But if you count the true profitability of the sale of the car based on the difference between the cost of parts and goods to build the car and the labor cost to build it, you come up with a more positive set of numbers and these are why I am sure GM is definitely making money on every Spark it sells. Here’s the rough numbers logic. We know that an ICE Chevy Spark can be purchased at MSRP for as little as$12,000 and with discounts $10,500 or even less. the dealer pays about $10,000. The cost to build the car not counting pre-production costs but only ongoing expenses and cost of goods to Chevy I would estimate at $8000 for an ICE low end Spark. The engine and transmission and all the accessories I estimate cost GM about $4000. This means the an upholstered Spark Glider ready for EV running gear would cost perhaps $4000 for GM to build. It takes quite a bit less parts machining and installation labor cost to install EV specific components into the Spark. The Electric motor and the motor controller/inverter and wires and connectors together cost GM probably around $3000 and that leaves the battery and its packaging to add back in. So we now have an electrified Spark Glider with a cost of $7000 minus about $300 for the decrease in labor to produce and install the electric drive train, or about $6700. Then comes the cost of the battery. The 21.5 kWh A123 battery in the spark probably costs GM $6400, almost as much as the rest of the car but because of savings in the electric build, the completed car costs GM about $13100 to build. Using a fairly standard mark up, we would have an MSPR of $19,848. It would sell to the dealer for about $16,800 and with the right sale from dealer to customer it could be had for $17,500 to an end user like you or me. But right now GM sells it for about $27,000. This is so they reap the benefit of the Government rebate of $7500. From what I understand the dealers are not getting as much margin on the Spark EV as is customary. I read some where that they are getting about $2000 per car and nobody is discounting it. That means that GM builds it for $13100 and sells to dealers for $25000. If this is true and I believe it is likely pretty close, GM is making $12,000 profit on every Spark. I could be off by a couple k here but you get the point, these things are very profitable NOW and when the rebates go away they will still be profitable. By 2015 or 16 the Envia Battery that GM has invested heavily in will be ready and will weigh half as much, cost the same as the present battery and give twice the range and still be very profitable. GM makes $ 2000 on a base ICE Spark and $12,000 on the EV spark. I don’t think there is any doubt they are profitable to sell. But politically, GM still does not want EV’s to succeed. Partly because BEV represent a significant loss of revenue for their dealerships going forward, if all their models ultimately went electric or did so rapidly, it would not work for dealers. It is one of the reasons that Elon abandoned the Dealer model. Most of a dealers profit is from service, and a well engineered and built EV will need little service.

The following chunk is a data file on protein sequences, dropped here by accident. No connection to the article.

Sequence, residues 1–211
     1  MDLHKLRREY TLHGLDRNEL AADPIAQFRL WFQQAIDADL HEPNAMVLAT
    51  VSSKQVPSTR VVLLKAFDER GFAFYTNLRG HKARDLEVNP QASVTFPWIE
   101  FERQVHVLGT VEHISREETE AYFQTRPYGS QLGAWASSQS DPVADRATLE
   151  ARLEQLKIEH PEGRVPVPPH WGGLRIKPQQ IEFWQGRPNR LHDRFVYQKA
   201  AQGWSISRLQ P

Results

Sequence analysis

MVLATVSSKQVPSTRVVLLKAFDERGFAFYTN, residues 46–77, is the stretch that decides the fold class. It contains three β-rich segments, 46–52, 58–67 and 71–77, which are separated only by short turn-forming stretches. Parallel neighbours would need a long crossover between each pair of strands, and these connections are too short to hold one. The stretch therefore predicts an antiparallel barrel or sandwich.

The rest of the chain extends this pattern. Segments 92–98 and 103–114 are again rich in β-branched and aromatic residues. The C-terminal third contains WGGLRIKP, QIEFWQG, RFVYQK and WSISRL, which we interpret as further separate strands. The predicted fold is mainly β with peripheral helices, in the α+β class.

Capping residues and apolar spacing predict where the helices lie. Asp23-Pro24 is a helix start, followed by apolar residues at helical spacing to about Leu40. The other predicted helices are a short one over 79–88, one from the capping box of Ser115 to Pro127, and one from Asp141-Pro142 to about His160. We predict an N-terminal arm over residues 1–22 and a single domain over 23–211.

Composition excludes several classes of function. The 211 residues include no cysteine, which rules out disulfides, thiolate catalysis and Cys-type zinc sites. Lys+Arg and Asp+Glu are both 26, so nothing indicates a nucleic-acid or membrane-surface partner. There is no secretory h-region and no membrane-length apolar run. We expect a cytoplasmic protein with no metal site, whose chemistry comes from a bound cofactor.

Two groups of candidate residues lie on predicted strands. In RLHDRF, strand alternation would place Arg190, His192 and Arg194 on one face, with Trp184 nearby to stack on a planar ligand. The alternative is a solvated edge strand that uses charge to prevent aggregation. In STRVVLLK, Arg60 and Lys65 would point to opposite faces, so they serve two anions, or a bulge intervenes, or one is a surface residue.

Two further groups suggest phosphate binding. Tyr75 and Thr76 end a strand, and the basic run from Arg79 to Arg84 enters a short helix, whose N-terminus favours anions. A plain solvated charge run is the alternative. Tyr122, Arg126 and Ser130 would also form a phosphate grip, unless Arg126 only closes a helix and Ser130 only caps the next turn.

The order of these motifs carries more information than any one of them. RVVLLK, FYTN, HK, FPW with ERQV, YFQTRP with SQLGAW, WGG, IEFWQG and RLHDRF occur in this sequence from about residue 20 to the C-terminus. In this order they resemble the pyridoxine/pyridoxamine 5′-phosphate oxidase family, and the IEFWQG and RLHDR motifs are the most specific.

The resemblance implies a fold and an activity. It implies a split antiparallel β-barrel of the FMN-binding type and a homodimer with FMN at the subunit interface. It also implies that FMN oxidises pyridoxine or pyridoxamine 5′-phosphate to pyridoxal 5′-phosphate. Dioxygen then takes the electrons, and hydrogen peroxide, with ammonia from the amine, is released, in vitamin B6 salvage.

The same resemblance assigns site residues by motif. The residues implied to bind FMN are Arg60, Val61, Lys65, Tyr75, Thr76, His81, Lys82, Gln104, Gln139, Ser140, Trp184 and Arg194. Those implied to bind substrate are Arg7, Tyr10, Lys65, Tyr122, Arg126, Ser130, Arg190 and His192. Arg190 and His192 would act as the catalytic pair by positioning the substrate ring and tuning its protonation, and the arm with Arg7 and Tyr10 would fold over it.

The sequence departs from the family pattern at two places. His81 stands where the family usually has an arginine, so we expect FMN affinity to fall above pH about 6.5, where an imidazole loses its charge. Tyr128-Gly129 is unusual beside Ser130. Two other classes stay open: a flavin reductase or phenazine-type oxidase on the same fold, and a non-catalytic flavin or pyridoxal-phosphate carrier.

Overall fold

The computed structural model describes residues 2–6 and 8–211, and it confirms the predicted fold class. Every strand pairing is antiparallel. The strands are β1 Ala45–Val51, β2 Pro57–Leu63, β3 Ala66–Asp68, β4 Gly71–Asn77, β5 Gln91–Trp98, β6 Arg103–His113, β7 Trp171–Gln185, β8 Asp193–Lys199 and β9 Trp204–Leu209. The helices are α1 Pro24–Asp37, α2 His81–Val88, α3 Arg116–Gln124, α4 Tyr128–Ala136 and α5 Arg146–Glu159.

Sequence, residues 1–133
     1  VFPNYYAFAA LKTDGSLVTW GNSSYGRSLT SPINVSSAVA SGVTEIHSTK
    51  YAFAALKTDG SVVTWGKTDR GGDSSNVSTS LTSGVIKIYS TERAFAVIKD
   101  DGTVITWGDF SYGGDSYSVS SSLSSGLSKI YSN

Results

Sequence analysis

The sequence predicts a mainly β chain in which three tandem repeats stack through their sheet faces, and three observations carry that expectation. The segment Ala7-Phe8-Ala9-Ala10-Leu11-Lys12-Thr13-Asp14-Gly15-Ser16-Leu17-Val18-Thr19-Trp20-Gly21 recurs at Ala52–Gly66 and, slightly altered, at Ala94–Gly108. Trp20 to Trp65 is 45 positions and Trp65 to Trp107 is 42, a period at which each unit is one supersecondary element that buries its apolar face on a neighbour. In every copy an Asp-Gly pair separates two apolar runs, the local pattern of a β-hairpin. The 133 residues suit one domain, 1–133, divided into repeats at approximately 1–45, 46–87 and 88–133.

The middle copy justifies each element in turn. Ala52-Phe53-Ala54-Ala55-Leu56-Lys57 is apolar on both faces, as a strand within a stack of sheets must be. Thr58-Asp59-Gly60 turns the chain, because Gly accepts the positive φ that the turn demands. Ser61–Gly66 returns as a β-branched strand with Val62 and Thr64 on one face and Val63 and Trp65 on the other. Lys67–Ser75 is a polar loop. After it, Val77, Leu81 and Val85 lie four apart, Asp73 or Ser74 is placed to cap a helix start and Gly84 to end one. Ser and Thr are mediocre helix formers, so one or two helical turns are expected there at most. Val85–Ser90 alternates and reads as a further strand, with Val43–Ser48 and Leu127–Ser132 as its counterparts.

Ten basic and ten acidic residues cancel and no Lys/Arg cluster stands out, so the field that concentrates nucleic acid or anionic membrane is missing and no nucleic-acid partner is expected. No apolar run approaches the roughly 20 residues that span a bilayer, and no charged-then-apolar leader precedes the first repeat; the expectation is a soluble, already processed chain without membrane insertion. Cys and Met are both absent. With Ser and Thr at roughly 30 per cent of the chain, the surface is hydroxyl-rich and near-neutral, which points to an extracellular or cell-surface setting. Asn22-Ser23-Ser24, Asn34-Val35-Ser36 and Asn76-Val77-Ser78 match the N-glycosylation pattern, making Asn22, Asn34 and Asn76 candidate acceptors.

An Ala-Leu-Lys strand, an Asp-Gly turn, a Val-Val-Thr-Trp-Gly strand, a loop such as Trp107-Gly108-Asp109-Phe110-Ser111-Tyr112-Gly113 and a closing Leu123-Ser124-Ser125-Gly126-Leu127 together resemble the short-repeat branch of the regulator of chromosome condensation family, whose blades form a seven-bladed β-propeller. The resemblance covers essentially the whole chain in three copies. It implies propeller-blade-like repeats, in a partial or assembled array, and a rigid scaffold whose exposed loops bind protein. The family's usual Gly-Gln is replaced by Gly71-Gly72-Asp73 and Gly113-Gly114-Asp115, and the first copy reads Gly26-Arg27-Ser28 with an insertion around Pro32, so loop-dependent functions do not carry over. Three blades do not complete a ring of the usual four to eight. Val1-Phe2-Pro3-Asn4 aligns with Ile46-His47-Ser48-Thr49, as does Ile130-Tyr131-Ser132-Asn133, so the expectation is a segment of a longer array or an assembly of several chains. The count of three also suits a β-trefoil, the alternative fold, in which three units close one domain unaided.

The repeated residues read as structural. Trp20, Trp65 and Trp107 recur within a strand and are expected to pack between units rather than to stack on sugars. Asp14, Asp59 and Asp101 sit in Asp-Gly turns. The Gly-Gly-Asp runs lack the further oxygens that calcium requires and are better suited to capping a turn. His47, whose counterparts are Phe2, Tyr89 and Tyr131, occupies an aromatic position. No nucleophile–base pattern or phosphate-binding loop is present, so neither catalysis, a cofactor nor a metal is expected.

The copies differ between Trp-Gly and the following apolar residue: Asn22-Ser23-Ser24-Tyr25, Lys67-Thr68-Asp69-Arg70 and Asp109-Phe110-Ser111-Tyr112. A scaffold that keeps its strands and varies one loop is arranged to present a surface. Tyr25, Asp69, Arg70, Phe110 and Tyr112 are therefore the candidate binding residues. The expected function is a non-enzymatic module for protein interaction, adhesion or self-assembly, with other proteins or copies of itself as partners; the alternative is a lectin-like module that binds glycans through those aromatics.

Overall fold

6. krona2k says:

    Grrrr.. I want some more choice when my Leaf lease is up.

    “The market for pure EVs is still in its infancy and volumes are rather low.”

    and they’ll stay low if you don’t even make them available.

    1. Assaf says:

      I second your Grrr, even though the Spark would be too small for our family’s need anyway…

  7. Suprise Cat says:

    Every week a new death blow to the Combo consortium.

  8. scott moore says:

    On the positive side, the Antarctica rollout is going well…

    1. kdawg says:

      I bet EV’s would work a lot better there than ICE’s. I forget what the name of the village in Siberia is, but in the winter, they have to keep their engines running 24/7. If they turn it off, they can never start it again.

  9. Taser54 says:

    Why should Europe ever get the Spark EV?

    ‘murica first! 🙂

    1. Daniel says:

      Because I want it!